By René Ferrán
Left to right in photo: Kim Bly, Amy Pistone, Jeana Fisher, Cat Conti, Rebecca Brisson, Mary Harvill (photo by Tim Connor)
A little history was made Friday night at Hare Field in Hillsboro when Glencoe defeated Hillsboro 35-0 in a nonleague game.
For what is believed to be the first time in an Oregon high school varsity football game, an all-female officiating crew worked the game, with three members of the Portland Football Officials Association (PFOA) working alongside three college officials on a six-woman crew.
Referee Cat Conti, who normally works games in the Mountain West Conference and was the head linesperson for Saturday’s Hawaii-Oregon State game, headed the crew. She was joined by umpire Jeana Fisher, head linesperson Mary Harvill, line judge Amy Pistone, back judge Rebecca Brisson and center judge Kim Bly.
Pistone is on staff with the Missouri Valley Conference (FBS), while Bly works junior college ball in Southern California. Harvill, Fisher and Brisson are members of the PFOA, with Brisson already having made history as the first woman to work an OSAA state championship game as the head linesperson at the 2018 Class 4A state final.
“It was an honor and an incredible opportunity to be part of history,” Brisson said Sunday evening. “The crew jelled quickly, and we just went right into what we had to do. The game was fun, and the crew was amazing. It was great to be able to learn some new tricks and keys from college officials. I hope we can do it again soon.”
Fisher has worked several OSAA playoff games, including a 2018 Class 5A semifinal between Thurston and Pendleton. Harvill, in her fourth year in the PFOA, is an up-and-comer in the association.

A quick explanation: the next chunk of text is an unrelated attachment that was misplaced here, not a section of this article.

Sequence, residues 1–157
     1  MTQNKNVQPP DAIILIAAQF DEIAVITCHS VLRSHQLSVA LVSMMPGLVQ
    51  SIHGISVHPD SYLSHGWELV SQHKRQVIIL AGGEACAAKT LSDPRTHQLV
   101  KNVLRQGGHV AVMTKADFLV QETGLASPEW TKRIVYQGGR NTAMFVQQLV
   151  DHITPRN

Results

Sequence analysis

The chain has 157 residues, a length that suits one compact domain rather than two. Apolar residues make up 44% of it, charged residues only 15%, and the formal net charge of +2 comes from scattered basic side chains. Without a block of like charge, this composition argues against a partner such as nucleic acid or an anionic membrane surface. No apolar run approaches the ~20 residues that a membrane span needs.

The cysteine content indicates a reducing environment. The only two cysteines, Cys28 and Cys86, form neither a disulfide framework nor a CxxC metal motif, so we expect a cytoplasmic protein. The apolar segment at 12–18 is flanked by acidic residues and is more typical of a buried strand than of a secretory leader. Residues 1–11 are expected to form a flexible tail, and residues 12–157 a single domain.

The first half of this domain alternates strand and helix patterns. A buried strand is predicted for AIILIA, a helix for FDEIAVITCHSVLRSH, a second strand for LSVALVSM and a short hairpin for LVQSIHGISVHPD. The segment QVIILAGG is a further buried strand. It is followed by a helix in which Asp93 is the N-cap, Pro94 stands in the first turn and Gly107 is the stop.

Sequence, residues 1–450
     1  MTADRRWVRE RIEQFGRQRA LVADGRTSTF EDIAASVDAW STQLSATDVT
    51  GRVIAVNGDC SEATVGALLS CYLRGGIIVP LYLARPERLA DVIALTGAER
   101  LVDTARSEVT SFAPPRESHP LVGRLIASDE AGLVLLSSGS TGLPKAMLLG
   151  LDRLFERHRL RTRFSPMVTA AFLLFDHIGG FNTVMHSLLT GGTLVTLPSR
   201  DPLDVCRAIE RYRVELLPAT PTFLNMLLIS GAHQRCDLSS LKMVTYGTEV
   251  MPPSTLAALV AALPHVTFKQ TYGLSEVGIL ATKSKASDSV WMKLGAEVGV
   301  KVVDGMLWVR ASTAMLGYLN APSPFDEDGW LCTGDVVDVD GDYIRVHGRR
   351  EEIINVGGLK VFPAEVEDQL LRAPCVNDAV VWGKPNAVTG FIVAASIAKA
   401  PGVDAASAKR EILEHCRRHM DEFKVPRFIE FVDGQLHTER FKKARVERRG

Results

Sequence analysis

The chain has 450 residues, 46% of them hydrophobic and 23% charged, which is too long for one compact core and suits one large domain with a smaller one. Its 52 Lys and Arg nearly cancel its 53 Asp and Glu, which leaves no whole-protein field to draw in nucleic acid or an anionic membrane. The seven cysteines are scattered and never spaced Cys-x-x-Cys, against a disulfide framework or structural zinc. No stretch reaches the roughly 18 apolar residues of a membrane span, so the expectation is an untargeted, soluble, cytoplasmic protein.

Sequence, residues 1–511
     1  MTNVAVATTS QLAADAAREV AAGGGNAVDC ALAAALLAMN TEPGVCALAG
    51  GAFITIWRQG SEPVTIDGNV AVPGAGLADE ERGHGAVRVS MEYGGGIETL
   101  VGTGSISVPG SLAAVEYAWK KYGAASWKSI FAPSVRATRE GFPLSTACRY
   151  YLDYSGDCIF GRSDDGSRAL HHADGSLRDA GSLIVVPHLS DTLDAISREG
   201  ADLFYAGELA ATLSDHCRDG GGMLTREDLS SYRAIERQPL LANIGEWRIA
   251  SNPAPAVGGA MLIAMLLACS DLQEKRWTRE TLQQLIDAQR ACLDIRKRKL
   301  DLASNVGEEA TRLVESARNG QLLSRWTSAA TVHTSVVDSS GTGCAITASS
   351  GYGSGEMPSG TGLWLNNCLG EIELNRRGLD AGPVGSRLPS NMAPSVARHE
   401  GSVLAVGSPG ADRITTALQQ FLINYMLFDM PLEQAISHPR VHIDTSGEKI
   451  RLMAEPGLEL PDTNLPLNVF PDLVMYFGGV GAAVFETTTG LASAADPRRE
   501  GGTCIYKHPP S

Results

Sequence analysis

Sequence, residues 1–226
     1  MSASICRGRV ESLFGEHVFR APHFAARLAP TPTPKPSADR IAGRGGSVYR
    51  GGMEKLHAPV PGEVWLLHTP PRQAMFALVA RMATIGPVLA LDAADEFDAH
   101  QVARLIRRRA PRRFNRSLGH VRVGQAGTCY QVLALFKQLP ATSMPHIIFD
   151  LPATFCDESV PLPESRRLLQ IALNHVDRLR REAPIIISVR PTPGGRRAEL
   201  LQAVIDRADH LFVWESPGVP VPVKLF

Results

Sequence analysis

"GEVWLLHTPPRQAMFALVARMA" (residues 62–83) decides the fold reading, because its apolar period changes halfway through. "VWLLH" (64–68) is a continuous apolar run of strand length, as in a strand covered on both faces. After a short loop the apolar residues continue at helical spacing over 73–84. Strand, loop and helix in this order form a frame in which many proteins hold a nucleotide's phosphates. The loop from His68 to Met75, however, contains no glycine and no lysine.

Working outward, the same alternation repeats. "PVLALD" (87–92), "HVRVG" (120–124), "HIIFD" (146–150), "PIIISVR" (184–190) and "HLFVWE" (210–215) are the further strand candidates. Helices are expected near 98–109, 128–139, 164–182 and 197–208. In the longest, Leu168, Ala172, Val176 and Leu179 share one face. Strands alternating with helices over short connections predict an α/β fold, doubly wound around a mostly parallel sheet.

Glencoe coach Ian Reynoso was unaware until the crew arrived at Hare Field that his team would be part of a history-making game, but he instantly understood the significance of the moment.
“The football community has really been pushing for girls and women to be involved in football for the last few years, and to be part of that night was pretty cool,” said Reynoso, who previously coached the line for the Portland Shockwave women’s football team, for whom his wife, Elisa Crumley (an All-American javelin thrower at the University of Oregon), played running back and free safety.
“There are so many women out there who have a passion and a desire to be involved with football. Glencoe, like a number of other schools in the area, has had girls on our varsity football team, as well as at the youth level. It is great to see the momentum beginning to pick up.”
Reynoso has had Brisson and Fisher work games for him over the past decade at Glencoe, but the other four members were new to him. He especially appreciated how Conti communicated during the game whenever he had a question regarding a call.
“Some of the crew seemed a bit nervous, but I feel with the weight of the moment, that was to be expected,” Reynoso said.
He also recognized that with Oregon, like every other state, facing a shortage of officials, this “pretty special moment for the state” hopefully brings more women into the officiating ranks.
“There has been such a shortage of officials in football over the last few years, we have made it a point to thank the crews every week for working our games and providing us the opportunity to play,” Reynoso said. “Kudos to PFOA for building the future of officials in the state and providing opportunities for women to be involved in a game they love.”